Nugget Romance #3
April 14, 2015
Kensington Publishing (Lyrical Shine)
Available in: Audio, e-Book, Trade Size
Nugget, California, is a spot-in-the-road that’s easy to miss. But this little mountain town knows how to give the struggling and discouraged many paths back to happiness—and love…
Reporter Harlee Roberts is used to finding the story, not living it. Unfortunately, losing her dream job and glittering city life means she needs a serious rewrite. Downtime at her parents’ cabin in Nugget is a break she could really use. But the less her rugged woodworker neighbor has to say to her, the more Harlee’s natural curiosity is piqued, and the more she wants exclusive access—to his heart…
Nugget’s open spaces and mountain quiet are the perfect refuge for Colin Burke. All he wants is solitude, to mind his own business—and for Harlee to mind hers. Still, her live-wire personality and take-no-prisoners commitment to those she cares about are a temptation pulling him way too close. Is their connection strong enough to survive his secrets—and risk a future together?
Colin Burke pulled over to the shoulder, watched a car he didn’t recognize struggle to make it up the steep grade, and shook his head. What kind of moron uses a Mini Cooper to tow a twelve-hundred-pound U-Haul trailer on a narrow, rutted dirt road?
The road was definitely too tight for the both of them. So he sat waiting, observing in dismay as the driver took the hairpin turn too wide, causing the trailer to plunge over the side of the embankment, dragging half the car with it.
For a split second Colin sat paralyzed while the tail of the Mini Cooper hung suspended in midair. Then he jumped out of his truck, shouting, “Don’t get out!”
But it was too late. The motorist had already left the driver’s seat and was now crouched down at the top of the embankment assessing the damage. Colin couldn’t believe that the shift in weight hadn’t resulted in the car tumbling completely over the side. Given that the embankment was slippery from the last rain, it could still happen.
“You okay?” he asked, making his way to the car.
“Yeah. But my trailer may be stuck.”
You think? The words were just about to leave his lips, when Colin was struck dumb. The driver might be incompetent behind the wheel, but she was extremely pretty. He wasn’t used to seeing attractive women on Grizzly Peak. Hell, he wasn’t used to seeing anyone up here. That’s why he’d chosen the remote spot.
“Where were you headed with the trailer?” he asked, assuming that she had gotten lost and had been trying to turn around when she’d lurched over the side.
“My cabin.” The woman dusted some dirt off her black pants, which Colin couldn’t help noticing hugged a pair of truly awesome legs. She wore a fluffy sweater that looked expensive and a pair of leather boots—more fashionable than practical. Not exactly dressed for the back country, he noted as he quickly averted his eyes to keep from ogling her.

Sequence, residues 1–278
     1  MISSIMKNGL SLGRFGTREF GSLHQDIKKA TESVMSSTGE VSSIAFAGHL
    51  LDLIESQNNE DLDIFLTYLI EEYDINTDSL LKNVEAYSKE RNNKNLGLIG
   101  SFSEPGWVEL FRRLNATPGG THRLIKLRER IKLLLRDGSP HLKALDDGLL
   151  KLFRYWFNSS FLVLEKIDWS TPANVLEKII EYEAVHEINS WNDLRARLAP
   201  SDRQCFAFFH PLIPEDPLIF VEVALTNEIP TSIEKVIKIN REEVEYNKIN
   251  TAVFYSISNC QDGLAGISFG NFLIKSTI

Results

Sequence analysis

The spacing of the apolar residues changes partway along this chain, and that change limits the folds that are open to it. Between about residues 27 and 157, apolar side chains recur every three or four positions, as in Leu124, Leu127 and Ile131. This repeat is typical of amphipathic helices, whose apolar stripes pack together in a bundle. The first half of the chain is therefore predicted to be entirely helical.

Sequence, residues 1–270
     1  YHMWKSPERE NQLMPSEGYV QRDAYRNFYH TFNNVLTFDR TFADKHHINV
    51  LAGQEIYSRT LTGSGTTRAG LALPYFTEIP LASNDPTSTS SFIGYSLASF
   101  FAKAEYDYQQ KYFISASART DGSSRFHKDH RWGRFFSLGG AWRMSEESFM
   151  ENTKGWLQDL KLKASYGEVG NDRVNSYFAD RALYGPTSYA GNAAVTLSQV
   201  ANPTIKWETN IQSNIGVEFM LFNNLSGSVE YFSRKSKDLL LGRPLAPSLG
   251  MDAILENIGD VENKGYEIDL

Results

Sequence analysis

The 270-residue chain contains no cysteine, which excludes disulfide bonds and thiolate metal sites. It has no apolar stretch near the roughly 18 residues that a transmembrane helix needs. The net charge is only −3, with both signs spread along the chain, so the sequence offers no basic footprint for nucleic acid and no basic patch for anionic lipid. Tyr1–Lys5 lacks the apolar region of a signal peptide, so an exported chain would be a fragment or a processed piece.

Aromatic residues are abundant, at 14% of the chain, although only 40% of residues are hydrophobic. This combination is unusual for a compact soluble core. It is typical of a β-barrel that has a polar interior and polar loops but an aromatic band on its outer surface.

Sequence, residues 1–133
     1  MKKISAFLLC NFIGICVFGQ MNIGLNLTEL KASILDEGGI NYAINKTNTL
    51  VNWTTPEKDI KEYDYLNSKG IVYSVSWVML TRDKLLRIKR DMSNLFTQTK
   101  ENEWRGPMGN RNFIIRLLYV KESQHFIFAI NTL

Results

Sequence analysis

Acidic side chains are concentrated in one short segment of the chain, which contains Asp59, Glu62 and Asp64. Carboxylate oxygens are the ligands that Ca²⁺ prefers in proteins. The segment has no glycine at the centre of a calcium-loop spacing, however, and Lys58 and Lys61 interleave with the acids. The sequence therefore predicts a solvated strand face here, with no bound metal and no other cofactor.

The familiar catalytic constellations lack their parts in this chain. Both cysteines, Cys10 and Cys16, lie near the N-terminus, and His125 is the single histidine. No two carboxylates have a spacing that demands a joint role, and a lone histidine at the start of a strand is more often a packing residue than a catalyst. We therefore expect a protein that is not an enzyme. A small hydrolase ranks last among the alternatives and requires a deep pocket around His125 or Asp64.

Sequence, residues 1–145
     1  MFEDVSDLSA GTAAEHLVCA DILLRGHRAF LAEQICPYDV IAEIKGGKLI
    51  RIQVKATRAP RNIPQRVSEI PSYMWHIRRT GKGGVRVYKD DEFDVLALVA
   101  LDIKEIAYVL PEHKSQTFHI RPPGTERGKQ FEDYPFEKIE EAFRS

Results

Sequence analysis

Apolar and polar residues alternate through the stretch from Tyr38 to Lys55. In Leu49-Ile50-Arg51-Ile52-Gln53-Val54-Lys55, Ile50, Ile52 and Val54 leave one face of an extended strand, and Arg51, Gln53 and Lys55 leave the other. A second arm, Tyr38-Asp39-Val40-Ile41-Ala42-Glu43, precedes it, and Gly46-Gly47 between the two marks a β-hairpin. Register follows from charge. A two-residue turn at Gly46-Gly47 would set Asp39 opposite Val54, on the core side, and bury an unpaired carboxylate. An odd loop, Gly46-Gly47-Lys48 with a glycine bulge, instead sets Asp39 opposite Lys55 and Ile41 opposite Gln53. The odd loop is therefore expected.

“Where’s that?” he asked, presuming that most likely she’d been headed for town. Surprisingly, she pointed down the driveway to an A-frame. Other than his, it was the only other house on the desolate road. For the three years that Colin had lived here, the cabin had been vacant.
“You think I should try to gun it?” she asked, turning her attention back to the Mini Cooper. “Maybe if I hit the gas hard enough I can pull the trailer back up.”
He shook his head. “Nah. That little car doesn’t have the horsepower. I think we should unhitch it and I can try to pull the trailer out with my truck.”
“Okay.” She was already scrambling down the hill, preparing to disconnect the receiver from the tow package.
“Hang on a sec. I want to think about this for a minute.” He walked back and forth alongside the car, studying its precarious position. “This is the deal: We unlatch it and run the risk of the car taking a free fall.”
“I can get back in and hit the gas the minute you unfasten the trailer,” she suggested.
It seemed like a shaky idea to him. But Colin didn’t think his truck had the juice to lug both the car and trailer out of the mud at the same time. So he supposed it was worth a shot.
“Yeah, okay.” Before she could respond, Colin got inside the Mini, gingerly adjusting the driver’s seat to give him leg room. The car had been made for Lilliputians—his head practically hit the roof.
“What are you doing?” the woman shouted up to him.
“I’ll punch it, while you unhook the trailer. I’m pretty sure my weight will hold the car. But get out of there fast . . . just in case.”
“You sure you don’t want me to do it?”
“I got it.”
He found the keys in the ignition and started the engine. Colin watched her through the rearview as she undid the safety chains and pulled up on the coupler latch with one hand while turning the handwheel counterclockwise about ten times with the other. He figured she either moved around a lot or had gotten really good instructions at the U-Haul store. When she lifted the bar, effectively releasing the trailer from the Mini Cooper, Colin pressed the pedal to the metal until he felt all four wheels find purchase on firm ground. He nosed the car forward and turned it back onto the driveway so that it faced the cabin.
When he looked back, she was still standing next to the trailer. He used the opportunity to surreptitiously check her out. She was about five-five, curvy, with pale skin, hair so dark it was almost black, and the bluest eyes he’d ever seen. An Irishman’s dream. She climbed back up the hill and waved to him.
“You did it.” Her bright smile pierced him like a bullet. Damn.
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